Do we do that for our kids? When our kids come to us, what does our mental desk look like? Is it totally full? Can we clear it and listen? What we do to the least of these, we do to Jesus. Do you think that includes our kids?

Value is communicated by listening!

Listening takes time. As you spend time, you will get to know your child.

One of our friends Patti has been intentional about knowing her children. This year her older daughter Rachel, a high school junior, had to complete a personal inventory concerning how she would respond in a group setting. Patti sat with Rachel while she completed the inventory. As Rachel was writing in answers, Patti realized that she knew all the answers before Rachel wrote anything down! For Patti, it was one of those moments when she realized, “All my time and effort to intentionally know my children has been worth it. I know Rachel. I am more than a chauffeur, a cook, a fashion consultant…I know who she is, and what she is about.”

As I read Paul David Tripp’s book The Age of Opportunity, the following two scriptures ate at me. I had to admit that I was not listening. I was all talk and no listen. I was in the company of fools.

Proverbs 18:2 A fool finds no pleasure in understanding

but delights in airing his own opinions.

Proverbs 18:13 He who answers before listening– that is his folly and his shame.

I had no clue what was going on in my kids. Patricia did, but I didn’t. Could I push aside concerns, anxieties, time crunches…and take time? I discovered that the wisest thing I could say might be nothing. If I would just listen, they would be encouraged. If I would take time, they would be valued. If I would hear them, they would hear me. . . later.

What we say matters! How we listen matters!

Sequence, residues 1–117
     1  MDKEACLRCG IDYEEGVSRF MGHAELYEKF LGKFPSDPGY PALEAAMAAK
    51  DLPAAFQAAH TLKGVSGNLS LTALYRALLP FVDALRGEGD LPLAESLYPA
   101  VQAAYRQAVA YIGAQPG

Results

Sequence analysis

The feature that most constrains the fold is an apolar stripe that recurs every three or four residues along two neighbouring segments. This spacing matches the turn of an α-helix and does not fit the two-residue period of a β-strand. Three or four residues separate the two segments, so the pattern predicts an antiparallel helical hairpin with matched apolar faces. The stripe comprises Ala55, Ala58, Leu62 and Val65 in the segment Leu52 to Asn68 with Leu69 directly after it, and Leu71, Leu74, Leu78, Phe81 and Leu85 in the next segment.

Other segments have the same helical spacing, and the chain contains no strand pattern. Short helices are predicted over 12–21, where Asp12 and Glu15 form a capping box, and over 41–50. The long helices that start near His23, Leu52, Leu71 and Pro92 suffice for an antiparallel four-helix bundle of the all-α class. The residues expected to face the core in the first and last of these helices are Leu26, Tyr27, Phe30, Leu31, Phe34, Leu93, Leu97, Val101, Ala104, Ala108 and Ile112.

Tips we’ve netted: 1) Take the necessary time to listen to your kids. 2) Play games together. The interaction is fun and the conversation more natural. (Dads, you don’t have to win;) 3) Invite their input on a project or plan. Mark and Allison Richardson gave their oldest daughter a budget and let her plan their vacation. It took more than one try but she got it, and she learned. She learned that her parents believed in her.

Wednesday, September 10, 2008


Deut. 6: 20 gives an interesting instruction to the parents of Israel:

In the future, when your son asks you, "What is the meaning of the stipulations, decrees and laws the LORD our God has commanded you?" tell him: "We were slaves of Pharaoh in Egypt, but the LORD brought us out of Egypt with a mighty hand.”

In other words, Moses instructed the fathers and mothers that your children will ask you questions about your celebrations and ceremonies. When they do, use those questions as opportunities to tell them how God delivered you from Egypt. Remember your history as a people and pass it on to your children. If Moses were standing here with us, he would say the same thing, but the story would be different. Most of us are not Jewish, but we do have a story of God’s intervention and grace in our lives.

My story might sound more like this: As I grew up in middle Tennessee, in the rolling hills of Maury County, the dimple of the universe, God began to speak to me and call me to follow him. . .